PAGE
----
By C. Marie Ainsborough, June 1, 2016
A report by the United Nations shows that women are far from catching up to men both in terms of finding employment and pay equity for work of equal value. Radio Labour’s senior correspondent C. Marie Ainsborough reports:
[C. Marie Ainsborough]: Millions of women around the world are falling behind in their attempts to win equal treatment as workers, both in searching for employment and in wages. A new study by the UN’s International Labor Organization shows that women are still finding it difficult to enter paid employment. Since 1995, the number of women in the global workforce has increased by only 0.6 percent. Globally, 46 percent of women are employed as compared to 72 percent of men. Meanwhile, the report confirms the result of other studies which show that even when women do find work, they are seriously underpaid. According to the ILO report, women earn, on average, 77 percent of what men earn. Lawrence J. Johnson is the Deputy Director of the ILO’s Research Department:
[Lawrence J. Johnson]: “While there’s been great strides in women in terms of education, those haven’t translated into the labor market. We know that only about 1.3 billion women are engaged in the labor markets where 2 billion men are. The challenge is, how do we create not only opportunities, but decent productive work for these women? Half of the women engaged in the labor market are among the ranks of the unemployed, or what we call own-account or unpaid family work, where they often lack the basic social protections, protection under labor law, and again, this right to collective bargaining. So it puts them at a strong disadvantage. The ability for these economies to grow is also limited. Without women engaged in the labor market, it puts countries at a strong disadvantage. Women are engaged in two ways. Paid employment, but also women’s work at home. If you look in developed economies, it’s about twice as much as their male counterparts, and if you move to the developing economies, it’s three times as much. Because they’re engaged so much in non-paid work, it limits their ability to participate in paid employment. That also means that women are not participating and contributing to pension schemes. Two out of every three women that are engaged in economic activities are not benefiting from pension schemes. We need to make sure women have a voice. We need to make sure we have policies that promote women entering the labor market, but also look at these constraints when we talk about elder care, child care. What can we do as a society to ensure that women can contribute?”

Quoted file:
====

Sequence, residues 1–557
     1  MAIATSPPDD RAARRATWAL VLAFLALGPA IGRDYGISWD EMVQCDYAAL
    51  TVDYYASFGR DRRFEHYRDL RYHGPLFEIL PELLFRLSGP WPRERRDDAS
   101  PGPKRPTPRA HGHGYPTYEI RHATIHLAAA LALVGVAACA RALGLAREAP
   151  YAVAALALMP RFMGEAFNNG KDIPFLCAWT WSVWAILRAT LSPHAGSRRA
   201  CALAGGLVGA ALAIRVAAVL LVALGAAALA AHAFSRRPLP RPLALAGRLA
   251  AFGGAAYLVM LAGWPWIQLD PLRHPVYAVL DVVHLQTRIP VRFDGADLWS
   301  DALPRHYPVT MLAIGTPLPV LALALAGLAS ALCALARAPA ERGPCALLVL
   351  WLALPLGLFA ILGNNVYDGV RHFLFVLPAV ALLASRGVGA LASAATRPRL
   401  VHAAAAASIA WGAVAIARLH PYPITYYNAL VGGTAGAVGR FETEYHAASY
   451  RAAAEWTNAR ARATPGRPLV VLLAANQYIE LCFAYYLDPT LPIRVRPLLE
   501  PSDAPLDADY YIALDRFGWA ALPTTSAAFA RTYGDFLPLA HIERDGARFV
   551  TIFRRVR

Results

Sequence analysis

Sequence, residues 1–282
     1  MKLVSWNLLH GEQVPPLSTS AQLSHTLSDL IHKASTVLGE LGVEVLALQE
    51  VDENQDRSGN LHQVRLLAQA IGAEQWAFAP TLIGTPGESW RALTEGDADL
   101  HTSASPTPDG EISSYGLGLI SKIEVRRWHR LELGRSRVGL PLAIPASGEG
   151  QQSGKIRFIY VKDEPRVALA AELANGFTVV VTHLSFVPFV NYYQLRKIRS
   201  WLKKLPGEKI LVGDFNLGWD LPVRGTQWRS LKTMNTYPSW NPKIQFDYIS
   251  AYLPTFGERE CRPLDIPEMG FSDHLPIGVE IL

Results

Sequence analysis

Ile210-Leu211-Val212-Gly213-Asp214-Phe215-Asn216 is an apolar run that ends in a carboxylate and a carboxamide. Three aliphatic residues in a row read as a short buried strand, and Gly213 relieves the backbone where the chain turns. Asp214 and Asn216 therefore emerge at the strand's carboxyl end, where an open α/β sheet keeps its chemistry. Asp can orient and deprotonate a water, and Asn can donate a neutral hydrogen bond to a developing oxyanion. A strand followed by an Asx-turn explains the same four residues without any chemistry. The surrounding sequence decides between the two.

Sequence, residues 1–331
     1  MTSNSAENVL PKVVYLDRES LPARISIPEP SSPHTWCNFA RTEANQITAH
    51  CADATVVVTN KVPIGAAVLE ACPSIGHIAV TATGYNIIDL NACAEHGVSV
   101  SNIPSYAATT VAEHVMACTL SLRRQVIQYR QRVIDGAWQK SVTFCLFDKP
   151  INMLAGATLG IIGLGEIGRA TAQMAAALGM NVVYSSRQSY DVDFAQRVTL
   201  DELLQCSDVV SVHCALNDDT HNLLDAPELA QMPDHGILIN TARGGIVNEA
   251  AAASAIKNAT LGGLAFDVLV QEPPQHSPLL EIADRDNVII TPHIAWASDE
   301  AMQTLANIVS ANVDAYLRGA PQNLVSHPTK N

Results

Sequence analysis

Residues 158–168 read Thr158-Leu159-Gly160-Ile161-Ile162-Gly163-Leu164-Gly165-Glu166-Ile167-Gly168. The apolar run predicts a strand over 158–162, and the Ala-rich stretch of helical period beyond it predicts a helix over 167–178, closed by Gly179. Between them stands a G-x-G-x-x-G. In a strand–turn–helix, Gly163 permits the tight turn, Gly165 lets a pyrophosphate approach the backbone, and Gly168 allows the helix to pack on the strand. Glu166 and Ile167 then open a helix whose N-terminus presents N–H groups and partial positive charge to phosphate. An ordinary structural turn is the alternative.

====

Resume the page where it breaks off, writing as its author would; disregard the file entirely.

[C. Marie Ainsborough]: The new ILO study notes that the wage gap between men and women can be linked to the undervaluation of the work women do, and to the skills prevalent in female-dominated sectors or occupations. The study also points to discrimination and the need for women to take career breaks because of pregnancies. The ILO report estimates that if current trends continue, closing the wage gap will take another 70 years.